On leaving Unilever in 2004, Niall FitzGerald had four key objectives: make one more significant contribution in business, deepen his involvement in Africa, make an impact in the cultural arena and spend more time with his family.

The business goal was realised in 2005 when Niall was asked to chair Reuters, a role he performed until 2011. During his time at Reuters, he negotiated the company's merger with Thomson to become Thomson Reuters.

Further involvement in Africa came in the form of chairing the Nelson Mandela Legacy Trust, sitting on the President of South Africa's International Investment Advisory Council and co-chairing the Investment Climate Facility for Africa. Niall's cultural aspirations were fulfilled in 2006 when he was asked to chair the board of the British Museum. He was the first non-British person to take on this prestigious role and went on to serve two very successful four-year terms at the helm.

Regarding the fourth aspiration, Niall guards his time preciously in order to spend more of it with his wife, Ingrid, and his four children.

In November 2008, Niall FitzGerald was appointed chair of the strategic intelligence consulting business Hakluyt & Company Limited, where he served until July 2013. He currently chairs the Leverhulme Trust Board, which distributes over £60 million a year in grants and scholarships for research and education.

An enthusiastic runner, Niall takes a keen interest in sport and is an avid supporter of Manchester United and Munster Rugby. In 2012, he was appointed Chairman of the Munster Rugby Commercial Board, which was set up to maximise revenue for the club. True to form, a number of significant developments for Munster Rugby have followed since Niall's appointment.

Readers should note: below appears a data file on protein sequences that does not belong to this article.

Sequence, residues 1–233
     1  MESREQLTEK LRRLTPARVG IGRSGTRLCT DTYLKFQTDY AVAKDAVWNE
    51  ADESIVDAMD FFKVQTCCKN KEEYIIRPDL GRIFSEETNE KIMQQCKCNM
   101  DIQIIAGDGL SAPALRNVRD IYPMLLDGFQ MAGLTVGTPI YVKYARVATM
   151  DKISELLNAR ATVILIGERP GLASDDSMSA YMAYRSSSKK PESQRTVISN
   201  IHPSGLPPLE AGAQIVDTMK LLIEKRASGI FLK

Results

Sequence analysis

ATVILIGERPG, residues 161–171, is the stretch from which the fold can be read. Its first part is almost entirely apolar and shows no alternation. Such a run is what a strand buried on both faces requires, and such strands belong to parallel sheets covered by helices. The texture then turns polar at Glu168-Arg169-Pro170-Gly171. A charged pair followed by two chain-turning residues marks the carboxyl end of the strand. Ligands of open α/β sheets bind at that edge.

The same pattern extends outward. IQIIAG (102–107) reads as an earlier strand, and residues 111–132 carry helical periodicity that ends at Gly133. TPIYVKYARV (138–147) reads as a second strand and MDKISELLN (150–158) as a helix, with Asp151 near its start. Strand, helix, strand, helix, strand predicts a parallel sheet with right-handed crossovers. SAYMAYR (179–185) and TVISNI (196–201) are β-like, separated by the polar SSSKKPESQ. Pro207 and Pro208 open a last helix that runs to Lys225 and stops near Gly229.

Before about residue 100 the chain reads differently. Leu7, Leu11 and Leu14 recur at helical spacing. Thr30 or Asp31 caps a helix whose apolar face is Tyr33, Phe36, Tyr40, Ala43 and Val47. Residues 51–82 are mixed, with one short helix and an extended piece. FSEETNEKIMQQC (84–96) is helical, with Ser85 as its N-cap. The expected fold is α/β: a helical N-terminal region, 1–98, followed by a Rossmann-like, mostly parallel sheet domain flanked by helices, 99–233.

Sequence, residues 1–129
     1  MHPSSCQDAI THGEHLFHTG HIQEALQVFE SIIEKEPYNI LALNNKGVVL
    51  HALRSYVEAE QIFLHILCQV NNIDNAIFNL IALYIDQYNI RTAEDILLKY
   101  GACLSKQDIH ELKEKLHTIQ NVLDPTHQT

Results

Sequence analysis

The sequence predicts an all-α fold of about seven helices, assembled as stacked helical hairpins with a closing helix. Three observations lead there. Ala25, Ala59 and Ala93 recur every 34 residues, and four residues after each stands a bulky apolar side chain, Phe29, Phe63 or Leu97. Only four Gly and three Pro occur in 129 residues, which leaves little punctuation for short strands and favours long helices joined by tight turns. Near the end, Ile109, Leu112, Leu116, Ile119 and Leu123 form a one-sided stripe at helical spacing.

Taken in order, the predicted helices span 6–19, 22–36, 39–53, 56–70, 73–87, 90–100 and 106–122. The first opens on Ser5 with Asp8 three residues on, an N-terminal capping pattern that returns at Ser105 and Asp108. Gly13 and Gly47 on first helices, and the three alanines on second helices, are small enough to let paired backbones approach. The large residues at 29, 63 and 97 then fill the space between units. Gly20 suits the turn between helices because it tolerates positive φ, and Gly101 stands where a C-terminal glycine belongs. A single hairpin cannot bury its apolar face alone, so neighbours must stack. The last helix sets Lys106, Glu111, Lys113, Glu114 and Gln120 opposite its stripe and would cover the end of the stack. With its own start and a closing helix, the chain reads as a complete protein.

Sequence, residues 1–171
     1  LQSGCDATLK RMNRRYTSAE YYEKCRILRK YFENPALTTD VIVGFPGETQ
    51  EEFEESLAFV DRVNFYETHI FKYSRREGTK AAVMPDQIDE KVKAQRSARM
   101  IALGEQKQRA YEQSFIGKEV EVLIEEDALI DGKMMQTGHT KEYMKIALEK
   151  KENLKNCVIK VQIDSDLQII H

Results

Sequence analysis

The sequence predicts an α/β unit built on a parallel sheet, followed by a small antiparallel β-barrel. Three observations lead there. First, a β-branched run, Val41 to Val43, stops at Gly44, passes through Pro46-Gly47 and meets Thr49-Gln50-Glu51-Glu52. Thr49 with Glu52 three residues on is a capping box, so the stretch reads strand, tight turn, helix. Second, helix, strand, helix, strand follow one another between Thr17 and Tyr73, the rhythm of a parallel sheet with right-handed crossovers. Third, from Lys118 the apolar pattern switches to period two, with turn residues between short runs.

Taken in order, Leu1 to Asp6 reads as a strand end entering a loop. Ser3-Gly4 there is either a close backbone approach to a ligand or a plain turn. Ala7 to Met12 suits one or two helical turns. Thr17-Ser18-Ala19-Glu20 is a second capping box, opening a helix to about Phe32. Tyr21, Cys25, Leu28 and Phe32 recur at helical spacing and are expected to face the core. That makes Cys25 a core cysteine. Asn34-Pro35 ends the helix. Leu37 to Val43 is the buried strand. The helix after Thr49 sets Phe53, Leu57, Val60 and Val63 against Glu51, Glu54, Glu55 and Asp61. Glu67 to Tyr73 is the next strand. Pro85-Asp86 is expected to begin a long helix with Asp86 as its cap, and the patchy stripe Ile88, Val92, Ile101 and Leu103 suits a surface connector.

Described as one of those rare people who combine vision with operational skills, Niall's experiences at Unilever undoubtedly guided his life and career. However, Niall also cites his mother, Doreen, and Nelson Mandela as powerful influences: he attributes to his mother his way of thinking and is grateful to have learned the power of humility from observing Mandela.

Niall FitzGerald has received many awards and accolades over the course of his career. He was made an honorary Knight Commander of the British Empire (KBE) in the Queen's 2002 Honours List for services to industry. In 2004, he was awarded the Society of Chemical Industry's Centenary Medal in recognition of his contribution to the food and pharmaceutical industries. In 2006, his significant contribution to international business won him the Royal Dublin Society's Gold Medal. He won the Woodrow Wilson Award for Corporate Citizenship in 2008 and the Perlmutter Award for Excellence in Global Business Leadership in 2011. He has been awarded honorary doctorates from American, British and Irish universities in recognition of his exceptional achievements.

In honouring Niall FitzGerald today, we honour a man who has made an outstanding contribution to the business world and to society.